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No second chances for beaten India


Cricket World Cup

No second chances for beaten India

Archive Photo: India's captain Virat Kohli bats in the nets during a practice session ahead of their first test cricket match against South Africa Photo: India's captain Virat Kohli bats in the nets during a practice session ahead of their first test cricket match against South Africa

Sore loser Virat Kohli demanded a tournament overhaul after India’s 2019 ICC Cricket World Cup semifinal exit… except, he didn’t really.

To understand why professional athletes sometimes say stupid things, you have to know how media conferences work.

Back in February 2005 England lost a one-day international cricket match against South Africa at Newlands. I remember joining the rest of the hacks in the post-match media conference, and immediately getting my “Welcome To Sports Journalism” moment. England’s captain, Michael Vaughan (remember him?) came out of to face the gathered newshounds, having just gone out for a six-ball duck in a 100-odd-run defeat. The first question he was asked was: “Michael, was that England’s worst performance so far under your captaincy?”

What was the guy supposed to say? “Nah, we’ve been much worse than that in the past”?

As it happened, he went with a non-committal shrug and a muted response of: “I don’t know… Maybe.” The next day’s headlines in the English press were, inevitably: “Vaughan’s England beaten in ‘worst-ever performance’”.

So light a candle for Indian captain Virat Kohli. This week, Kohli guided India to a shock defeat to New Zealand in the 2019 ICC Cricket World Cup semifinal – and his post-match comments made him sound like a colossally sore loser.

Chasing 240 to win against New Zealand, India were three wickets down for just five runs within the first three overs. The first 10 overs saw India floundering at 24 for 4. It was a horrible start, and they never recovered, ultimately falling to an 18-run defeat.

In the post-match media conference, Kohli was first asked how he felt about the result. “Of course very disappointed,” he replied. “We played outstanding cricket […] throughout this tournament, and to just go out on the basis of just 45 minutes of bad cricket is saddening. It breaks your heart, because you’ve worked so hard throughout the tournament to build momentum, you finish number one in the table, and then a spell of bad cricket and you’re out of the tournament completely. But you have to accept it.”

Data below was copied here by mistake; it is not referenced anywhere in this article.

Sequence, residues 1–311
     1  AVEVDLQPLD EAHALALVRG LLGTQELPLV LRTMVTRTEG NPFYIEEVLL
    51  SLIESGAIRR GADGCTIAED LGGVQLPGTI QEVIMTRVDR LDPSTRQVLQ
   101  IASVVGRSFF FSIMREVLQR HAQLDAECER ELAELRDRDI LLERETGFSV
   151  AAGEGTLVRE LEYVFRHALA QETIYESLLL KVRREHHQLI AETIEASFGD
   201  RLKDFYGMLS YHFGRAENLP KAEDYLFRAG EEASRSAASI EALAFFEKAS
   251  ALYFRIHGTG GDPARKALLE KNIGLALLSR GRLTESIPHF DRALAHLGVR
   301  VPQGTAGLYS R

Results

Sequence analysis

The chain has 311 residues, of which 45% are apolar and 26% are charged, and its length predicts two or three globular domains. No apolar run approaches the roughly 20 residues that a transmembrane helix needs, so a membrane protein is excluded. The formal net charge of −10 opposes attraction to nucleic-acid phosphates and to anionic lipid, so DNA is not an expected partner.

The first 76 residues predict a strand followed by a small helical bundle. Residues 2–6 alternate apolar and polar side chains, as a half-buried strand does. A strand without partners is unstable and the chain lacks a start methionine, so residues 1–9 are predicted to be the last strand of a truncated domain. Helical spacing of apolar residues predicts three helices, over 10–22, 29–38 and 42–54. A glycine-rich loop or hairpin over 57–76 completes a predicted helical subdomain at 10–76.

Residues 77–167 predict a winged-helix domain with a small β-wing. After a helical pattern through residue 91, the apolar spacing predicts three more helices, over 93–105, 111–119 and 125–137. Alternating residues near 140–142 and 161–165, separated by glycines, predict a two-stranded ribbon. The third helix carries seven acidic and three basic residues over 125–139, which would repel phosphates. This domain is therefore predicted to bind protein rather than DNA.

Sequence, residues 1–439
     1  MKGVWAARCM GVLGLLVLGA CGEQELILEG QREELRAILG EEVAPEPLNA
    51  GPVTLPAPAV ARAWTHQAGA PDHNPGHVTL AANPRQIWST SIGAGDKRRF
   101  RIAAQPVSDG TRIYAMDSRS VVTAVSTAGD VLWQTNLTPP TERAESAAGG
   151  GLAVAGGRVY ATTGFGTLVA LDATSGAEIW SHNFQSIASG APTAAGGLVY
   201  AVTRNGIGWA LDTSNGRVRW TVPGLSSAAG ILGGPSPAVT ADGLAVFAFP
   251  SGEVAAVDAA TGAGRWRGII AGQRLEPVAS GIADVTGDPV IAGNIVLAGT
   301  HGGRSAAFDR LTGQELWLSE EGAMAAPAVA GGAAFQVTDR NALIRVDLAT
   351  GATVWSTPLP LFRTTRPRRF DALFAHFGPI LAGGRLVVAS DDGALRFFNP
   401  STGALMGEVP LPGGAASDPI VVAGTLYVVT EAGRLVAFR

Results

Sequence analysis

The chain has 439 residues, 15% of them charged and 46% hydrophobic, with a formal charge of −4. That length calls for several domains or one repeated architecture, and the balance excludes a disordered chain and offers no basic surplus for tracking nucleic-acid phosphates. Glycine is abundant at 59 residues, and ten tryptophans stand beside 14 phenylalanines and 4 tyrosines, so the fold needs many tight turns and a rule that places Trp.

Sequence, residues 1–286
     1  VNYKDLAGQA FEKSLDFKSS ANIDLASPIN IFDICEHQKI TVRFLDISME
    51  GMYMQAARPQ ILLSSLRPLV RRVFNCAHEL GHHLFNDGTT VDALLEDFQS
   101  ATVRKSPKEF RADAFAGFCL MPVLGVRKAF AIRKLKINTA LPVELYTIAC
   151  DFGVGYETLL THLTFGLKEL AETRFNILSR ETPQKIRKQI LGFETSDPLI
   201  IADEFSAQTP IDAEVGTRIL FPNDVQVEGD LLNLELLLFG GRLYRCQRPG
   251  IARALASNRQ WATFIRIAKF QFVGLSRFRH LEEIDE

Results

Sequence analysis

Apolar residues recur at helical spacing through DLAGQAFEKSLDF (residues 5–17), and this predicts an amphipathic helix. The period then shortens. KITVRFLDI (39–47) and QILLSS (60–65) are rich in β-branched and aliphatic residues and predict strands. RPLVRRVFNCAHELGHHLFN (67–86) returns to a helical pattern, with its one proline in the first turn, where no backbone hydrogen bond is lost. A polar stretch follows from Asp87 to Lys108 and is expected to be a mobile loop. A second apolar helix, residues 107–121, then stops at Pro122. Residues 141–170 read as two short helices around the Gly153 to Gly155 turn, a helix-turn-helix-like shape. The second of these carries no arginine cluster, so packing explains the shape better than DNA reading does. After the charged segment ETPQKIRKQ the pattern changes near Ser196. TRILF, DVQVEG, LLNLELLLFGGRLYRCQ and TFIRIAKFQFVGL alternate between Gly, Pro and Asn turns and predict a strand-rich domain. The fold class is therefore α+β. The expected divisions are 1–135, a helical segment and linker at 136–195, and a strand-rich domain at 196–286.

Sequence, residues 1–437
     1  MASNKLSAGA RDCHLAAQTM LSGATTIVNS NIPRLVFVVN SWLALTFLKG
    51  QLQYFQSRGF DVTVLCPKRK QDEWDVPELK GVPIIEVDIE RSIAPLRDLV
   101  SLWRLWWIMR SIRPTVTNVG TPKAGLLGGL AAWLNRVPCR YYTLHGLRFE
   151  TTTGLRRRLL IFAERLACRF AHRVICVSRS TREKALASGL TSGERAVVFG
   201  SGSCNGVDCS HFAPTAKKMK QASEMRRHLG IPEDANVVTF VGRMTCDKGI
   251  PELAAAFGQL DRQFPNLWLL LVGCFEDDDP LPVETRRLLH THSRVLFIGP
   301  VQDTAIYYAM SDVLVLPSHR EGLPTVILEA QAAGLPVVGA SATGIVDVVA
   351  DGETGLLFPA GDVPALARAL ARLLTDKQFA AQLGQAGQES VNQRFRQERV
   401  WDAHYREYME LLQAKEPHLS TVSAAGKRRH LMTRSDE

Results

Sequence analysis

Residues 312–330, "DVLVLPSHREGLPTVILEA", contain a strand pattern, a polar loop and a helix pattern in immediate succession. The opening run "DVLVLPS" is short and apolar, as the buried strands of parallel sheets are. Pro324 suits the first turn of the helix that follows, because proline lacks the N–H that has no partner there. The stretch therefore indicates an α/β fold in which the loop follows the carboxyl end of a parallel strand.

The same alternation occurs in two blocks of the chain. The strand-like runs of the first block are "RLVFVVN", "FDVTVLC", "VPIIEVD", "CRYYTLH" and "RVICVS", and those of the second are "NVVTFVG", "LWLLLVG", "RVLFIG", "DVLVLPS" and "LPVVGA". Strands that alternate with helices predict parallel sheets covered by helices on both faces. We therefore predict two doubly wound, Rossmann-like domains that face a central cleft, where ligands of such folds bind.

And you do. That’s how the knockout stage of a sports tournament works: you play well, you win, you progress; you play badly, you lose, you go out. No do-overs. It’s really that simple. That’s the beauty – and the agony – of knockout sports.

But then came the sneaky follow-up question. Kohli was then asked whether he would like to see future ICC Cricket World Cup tournaments follow the model of the Indian Premier League, in which teams who finish top in the Group Stage get a second chance to reach the final if they lose their first play off match.

Maybe,” Kohli shrugged. “If topping the table means anything. I think these things can come into consideration, looking at the magnitude of this tournament. That is a really valid point. You never know when that is going to be implemented.”

The answer to that is hopefully never, but probably right away. Remember, in 2007 India lost two of their first-round World Cup group matches, and were knocked out – infamously leaving the 2007 ICC Cricket World Cup without its biggest TV audience. In a desperate attempt to give them as many second chances as possible, the ICC revamped the tournament and gave us the flawed-but-fine format we have today.

And hey, those lifelines and second chances worked for some teams. England and New Zealand each lost three times on their way to reaching the 2019 ICC Cricket World Cup final. The difference between New Zealand and India (and between England and Australia, in the other semifinal) is that New Zealand won when it mattered, and India didn’t.

Despite the quotes you may have read, Virat Kohli knows that and accepts it.

The Indian media – who’ll keep digging for quotes and demanding changes until their team win the ICC Cricket World Cup again – need to accept it too.DM


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